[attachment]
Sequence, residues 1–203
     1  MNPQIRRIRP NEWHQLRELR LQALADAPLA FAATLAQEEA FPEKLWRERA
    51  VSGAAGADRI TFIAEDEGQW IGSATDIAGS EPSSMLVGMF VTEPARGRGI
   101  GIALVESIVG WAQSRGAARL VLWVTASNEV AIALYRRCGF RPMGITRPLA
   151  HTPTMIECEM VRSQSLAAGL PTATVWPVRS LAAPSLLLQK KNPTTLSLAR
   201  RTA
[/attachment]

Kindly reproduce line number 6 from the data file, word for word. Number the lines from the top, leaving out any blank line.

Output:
   201  RTA